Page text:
Rebekkah Williamson, The Graphic Artist Responsible For “New Phone, Who Dis” Talks Transition From Contemporary Art To Launching Her Own Streetwear Line

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Miami born, Maryland raised Rebekkah Williamson broke into the art and closing design world and built on her experiences to become a self-made entrepreneur. 100 percent of her business is based on her success and ability to tap into her creativity to not only produce contemporary art but also launch two successful clothing brands. We recently sat down with Rebekkah aka “Hey Sweetz” to dive into her background to see just how she was able to make that breakthrough from the canvas to streetwear.

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When did you decide you wanted to become an artist? And what about that experience made you want to make a career out of art?

I never really decided that I wanted to become an artist. I’ve always been creative and artistically driven my whole life I just switched paths from starting as wanting to be a fashion designer as a little girl, to dabbling in photography in high school, and throughout all of this I always knew how to draw and paint. I actually started painting when I was leaving an abusive relationship. I didn’t really have anyone to talk to and needed an outlet so I just started painting to relieve stress. Honestly I never thought it would become a career move, I just do it because it brings me peace. It’s a blessing to be able to do what you love and get paid for it at the same time.

Tell us about your technique/creative process. What inspires your work?

Honestly I don’t think I have a set technique or style yet. As an artist that takes time to develop and Im still figuring out who I am as a woman, which I feel like shows in my art. My art is constantly changing because its inspired by my life. Some days I’m happy and my art will be very bright and colorful. Other days are harder and you can definitely see it in my work.

Being a female artist, What are some of the challenges you’ve faced in the industry?

Being a successful female in general is hard. I think the biggest challenge is when I act like a boss and demand the respect I deserve in a business profession, I’m considered a bitch. But if a man acts the way I act, he’s a Boss.

 

“I think my work has gotten more free over time. I’ve reached the point as an artist where I’m not here to explain my art. If you don’t like it thats fine, my goal is just to make people feel something. Good or bad.”

 

 

At what point did you decide to make clothing, and what made you make that transition?

I decided to do clothing I guess when I started with the “New Phone Who Dis?” dad hats. I mean as a kid up until high school I wanted to be a fashion designer. That was my dream but I was always told it would pay the bills so I put it on hold and got a real job. But the hats really just started because I wanted my own hat that nobody else had. So I hand stitched one and wore it around DC. The dad hats got really big, but I knew it wasn’t a forever thing. So I decided to take the money and create “Not For Everyone,” my streetwear line. It’s one thing to have a great product like the hat, it’s another to have a Brand. That was the goal.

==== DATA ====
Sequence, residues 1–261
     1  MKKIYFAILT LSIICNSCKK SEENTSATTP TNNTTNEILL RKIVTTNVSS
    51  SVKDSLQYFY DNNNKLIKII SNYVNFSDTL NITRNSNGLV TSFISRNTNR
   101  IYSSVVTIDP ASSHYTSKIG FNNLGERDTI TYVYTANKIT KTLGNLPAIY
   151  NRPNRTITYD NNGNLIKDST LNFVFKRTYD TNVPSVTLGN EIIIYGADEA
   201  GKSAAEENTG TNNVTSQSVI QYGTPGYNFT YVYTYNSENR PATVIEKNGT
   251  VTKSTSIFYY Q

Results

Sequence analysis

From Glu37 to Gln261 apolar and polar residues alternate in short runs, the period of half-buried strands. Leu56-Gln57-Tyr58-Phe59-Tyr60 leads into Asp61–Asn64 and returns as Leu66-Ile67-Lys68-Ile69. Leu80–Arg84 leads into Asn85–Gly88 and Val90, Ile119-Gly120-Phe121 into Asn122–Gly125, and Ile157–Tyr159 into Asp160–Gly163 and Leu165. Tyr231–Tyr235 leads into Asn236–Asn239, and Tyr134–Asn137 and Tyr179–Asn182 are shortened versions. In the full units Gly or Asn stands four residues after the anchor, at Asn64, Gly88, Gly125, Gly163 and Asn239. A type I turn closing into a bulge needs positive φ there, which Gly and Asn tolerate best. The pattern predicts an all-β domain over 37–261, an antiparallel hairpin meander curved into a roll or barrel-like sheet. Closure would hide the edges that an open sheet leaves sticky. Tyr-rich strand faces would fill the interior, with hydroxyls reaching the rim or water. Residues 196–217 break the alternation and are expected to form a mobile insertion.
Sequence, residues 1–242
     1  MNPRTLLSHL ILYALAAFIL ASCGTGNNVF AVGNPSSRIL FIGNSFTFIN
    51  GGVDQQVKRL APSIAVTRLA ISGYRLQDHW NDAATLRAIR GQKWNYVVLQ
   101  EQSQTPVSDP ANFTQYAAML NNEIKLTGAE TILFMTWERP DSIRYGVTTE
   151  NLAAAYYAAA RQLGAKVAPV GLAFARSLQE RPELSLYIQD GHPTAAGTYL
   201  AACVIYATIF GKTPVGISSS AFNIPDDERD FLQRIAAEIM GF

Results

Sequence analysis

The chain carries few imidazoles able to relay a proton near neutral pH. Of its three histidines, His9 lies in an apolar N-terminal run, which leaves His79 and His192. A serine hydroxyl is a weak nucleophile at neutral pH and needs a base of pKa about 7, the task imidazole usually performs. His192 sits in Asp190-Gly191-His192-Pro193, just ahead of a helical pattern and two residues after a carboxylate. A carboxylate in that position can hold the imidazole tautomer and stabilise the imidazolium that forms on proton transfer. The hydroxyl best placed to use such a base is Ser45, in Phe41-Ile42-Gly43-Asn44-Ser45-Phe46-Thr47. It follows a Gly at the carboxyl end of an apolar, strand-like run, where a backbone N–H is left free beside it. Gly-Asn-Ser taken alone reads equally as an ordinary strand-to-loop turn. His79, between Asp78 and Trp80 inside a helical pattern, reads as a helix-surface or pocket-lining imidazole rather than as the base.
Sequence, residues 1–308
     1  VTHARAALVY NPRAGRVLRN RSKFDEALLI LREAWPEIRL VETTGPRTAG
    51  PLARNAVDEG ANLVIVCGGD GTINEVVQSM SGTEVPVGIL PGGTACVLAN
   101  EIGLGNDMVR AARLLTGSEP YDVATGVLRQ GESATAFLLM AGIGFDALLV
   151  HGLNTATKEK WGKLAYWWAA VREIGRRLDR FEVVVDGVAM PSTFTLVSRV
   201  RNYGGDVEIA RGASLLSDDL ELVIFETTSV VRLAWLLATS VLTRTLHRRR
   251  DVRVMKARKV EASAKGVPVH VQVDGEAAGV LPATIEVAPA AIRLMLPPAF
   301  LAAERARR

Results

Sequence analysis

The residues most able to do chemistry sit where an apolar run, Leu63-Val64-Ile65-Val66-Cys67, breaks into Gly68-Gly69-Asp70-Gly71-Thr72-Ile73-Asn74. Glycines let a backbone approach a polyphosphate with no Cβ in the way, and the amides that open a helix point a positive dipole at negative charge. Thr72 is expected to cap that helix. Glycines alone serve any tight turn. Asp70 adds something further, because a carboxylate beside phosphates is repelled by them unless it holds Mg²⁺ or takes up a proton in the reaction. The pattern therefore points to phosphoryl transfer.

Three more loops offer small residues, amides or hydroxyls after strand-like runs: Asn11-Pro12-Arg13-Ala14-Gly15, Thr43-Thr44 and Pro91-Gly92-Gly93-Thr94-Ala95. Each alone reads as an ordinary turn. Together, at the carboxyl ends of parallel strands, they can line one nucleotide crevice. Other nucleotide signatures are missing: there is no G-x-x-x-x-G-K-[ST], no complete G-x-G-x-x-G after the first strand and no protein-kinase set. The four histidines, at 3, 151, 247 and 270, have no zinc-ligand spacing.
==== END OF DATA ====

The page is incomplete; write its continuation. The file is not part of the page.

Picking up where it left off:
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Does living in the DMV area influence your work?

I don’t think living in the DMV influences my work honestly. I just design clothes that I want to wear, and for my 9 to 5 job I wear a full suit everyday. So when Im not working I want to be comfortable and cozy. Which is why not for everyone is a lot of comfortable, chill pieces.

How did you get yourself in the position where you are now and your work in the hands of certain celebrities? And how does it feel to see your work on your favorite celebrity?

I’d be a liar if I said my brand being on celebrities was luck. Don’t ever let anyone tell you that. I put in a lot of hardwork. I feel like if you work hard the right people will notice. Which is what happened. I just made calculated moves and gave away free hats not to celebrities, but the people who are around celebrities. Like photographers, barbers, DJs, etc. The people who usually don’t get the free shit. I showed them love, which made them show me love when the celebs were like “thats dope where do I get that?” Thats honestly how most of it happened, just making sure the right people notice your work. Seeing my work on celebs just reassures me that anything is possible if you put your mind to it. I was homeless sleeping in my car a month before I started the dad hat thing, 5 months later Chris Brown is wearing my hat. Anything is possible if you work for it.

A post shared by RW (@heysweetz) on

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When you’re not creating, what do you enjoy doing?

When Im not creating or working I like to spend time with my son Alexander. I work way too much being a single mother so my time with him is already limited that I try to spend as much free time as I can with him. Kids are fun, he’s one of my biggest inspirations he helps me paint too.

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What’s your best piece of advice for anybody coming up in the art world right now?

My best piece of advice hmmm… Be you. Literally just be you.

So what’s coming next for Rebekkah?

Haha I can’t tell you guys my next move. Just know I’m always working. Quietly winning.

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Follow Rebekkah
Website: www.notforeveryoneus.com
Instagram:@heysweetz
Twitter: @heysweetz

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